It was an urgent situation that necessitated a storyteller willing to risk his own safety to capture and amplify the story. Or at least a storyteller who didn’t heed the fear. France, in fact, says he didn’t fully recognize what he’d be risking by taking on this project. “I didn’t start with any fear,” he said. “I never worked in Russia; I didn’t have what I understand now is a very healthy and necessary paranoia about working there, so I went with a sort of vague, naive innocence.” Anticipating a slow setup, he went for a three-day fact-finding trip in which he expected to scope out the scene and come back with a better idea of how to progress. He ended up staying for a month. “It was just exploding,” said France. 

 There was no precedent for how to move forward. Normally, France explained to me, long-form journalism and documentary filmmaking for projects like these require a process called “casting,” where the creators spend time physically in the space of the issue, deciding what story to follow and whose perspective to center. For France, there was none of that. “It became really clear that the ‘cast’ was already on the ground and present,” he said. “And it was time for me to start telling their stories.” The result: this film, one of a triptych of documentaries that France has created to highlight the work of activists in moments of queer crises is a modern muckraking feat, and brings vital and critical images to the mainstream (it will stream on HBO) and the big screen (it debuted at Sundance Film Festival).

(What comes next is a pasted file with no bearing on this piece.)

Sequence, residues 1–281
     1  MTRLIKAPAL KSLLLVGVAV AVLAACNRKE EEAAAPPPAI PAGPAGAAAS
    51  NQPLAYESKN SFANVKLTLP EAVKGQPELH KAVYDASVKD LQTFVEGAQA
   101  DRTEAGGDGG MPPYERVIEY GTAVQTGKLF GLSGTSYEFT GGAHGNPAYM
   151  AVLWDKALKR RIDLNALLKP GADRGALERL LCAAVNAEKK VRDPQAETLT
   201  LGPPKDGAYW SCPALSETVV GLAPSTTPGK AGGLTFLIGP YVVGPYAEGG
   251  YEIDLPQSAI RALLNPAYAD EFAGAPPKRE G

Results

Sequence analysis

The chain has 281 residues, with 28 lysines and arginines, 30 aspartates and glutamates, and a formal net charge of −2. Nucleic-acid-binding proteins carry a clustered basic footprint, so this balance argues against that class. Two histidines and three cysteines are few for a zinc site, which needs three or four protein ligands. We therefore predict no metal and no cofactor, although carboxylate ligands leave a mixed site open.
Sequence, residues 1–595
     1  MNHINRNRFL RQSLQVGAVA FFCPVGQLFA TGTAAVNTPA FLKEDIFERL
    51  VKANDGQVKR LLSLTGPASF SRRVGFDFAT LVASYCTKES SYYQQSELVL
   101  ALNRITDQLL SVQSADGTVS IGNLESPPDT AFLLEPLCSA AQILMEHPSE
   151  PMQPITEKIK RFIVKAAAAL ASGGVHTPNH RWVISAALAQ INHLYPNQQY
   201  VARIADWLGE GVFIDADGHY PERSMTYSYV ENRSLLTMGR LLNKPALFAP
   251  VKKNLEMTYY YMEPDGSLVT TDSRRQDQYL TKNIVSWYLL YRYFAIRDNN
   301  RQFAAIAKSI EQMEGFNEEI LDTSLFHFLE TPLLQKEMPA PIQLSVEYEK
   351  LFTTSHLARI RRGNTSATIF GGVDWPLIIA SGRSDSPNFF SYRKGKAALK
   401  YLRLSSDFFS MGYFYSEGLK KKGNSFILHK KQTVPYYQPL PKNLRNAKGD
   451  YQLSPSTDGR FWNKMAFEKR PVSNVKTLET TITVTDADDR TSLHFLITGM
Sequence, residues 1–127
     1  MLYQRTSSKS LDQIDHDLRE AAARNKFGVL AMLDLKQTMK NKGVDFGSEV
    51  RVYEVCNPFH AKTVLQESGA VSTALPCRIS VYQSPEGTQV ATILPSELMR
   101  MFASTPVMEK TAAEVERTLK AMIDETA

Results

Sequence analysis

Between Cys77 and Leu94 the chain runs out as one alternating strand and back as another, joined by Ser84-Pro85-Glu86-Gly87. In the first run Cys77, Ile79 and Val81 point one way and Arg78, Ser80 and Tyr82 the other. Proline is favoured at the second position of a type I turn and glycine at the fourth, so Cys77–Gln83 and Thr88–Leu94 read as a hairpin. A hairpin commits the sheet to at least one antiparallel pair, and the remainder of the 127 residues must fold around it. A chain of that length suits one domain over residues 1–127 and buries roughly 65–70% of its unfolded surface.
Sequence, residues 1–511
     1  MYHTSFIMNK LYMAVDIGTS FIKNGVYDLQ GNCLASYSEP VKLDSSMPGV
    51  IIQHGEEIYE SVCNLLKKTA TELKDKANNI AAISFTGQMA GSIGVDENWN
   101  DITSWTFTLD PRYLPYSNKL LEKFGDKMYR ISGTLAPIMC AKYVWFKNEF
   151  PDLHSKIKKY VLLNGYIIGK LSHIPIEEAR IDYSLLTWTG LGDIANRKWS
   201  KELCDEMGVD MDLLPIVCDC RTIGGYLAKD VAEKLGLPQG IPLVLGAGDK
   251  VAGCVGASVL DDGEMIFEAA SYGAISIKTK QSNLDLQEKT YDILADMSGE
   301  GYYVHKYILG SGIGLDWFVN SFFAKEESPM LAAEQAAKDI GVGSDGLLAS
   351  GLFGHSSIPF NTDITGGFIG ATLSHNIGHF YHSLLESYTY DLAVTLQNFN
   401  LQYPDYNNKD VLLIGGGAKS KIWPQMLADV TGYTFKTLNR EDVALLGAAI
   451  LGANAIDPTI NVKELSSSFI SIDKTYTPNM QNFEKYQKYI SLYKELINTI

“It became really clear that the ‘cast’  was already on the ground and present,” director David France said. “And it was time for me to start telling their stories.”

Courtesy of HBO
Grisha (one of the refugees targeted by the purges) hugs his boyfriend at the airport.

With his first two films,  How to Survive a Plague, 2012, and The Death and Life of Marsha P. Johnson, 2017, David France established himself as a teller of queer stories that too often get swept under the rug. As an investigative journalist, author, and filmmaker, he uses his voice as an artist to make noise about stories that others stray away from for fear and discomfort.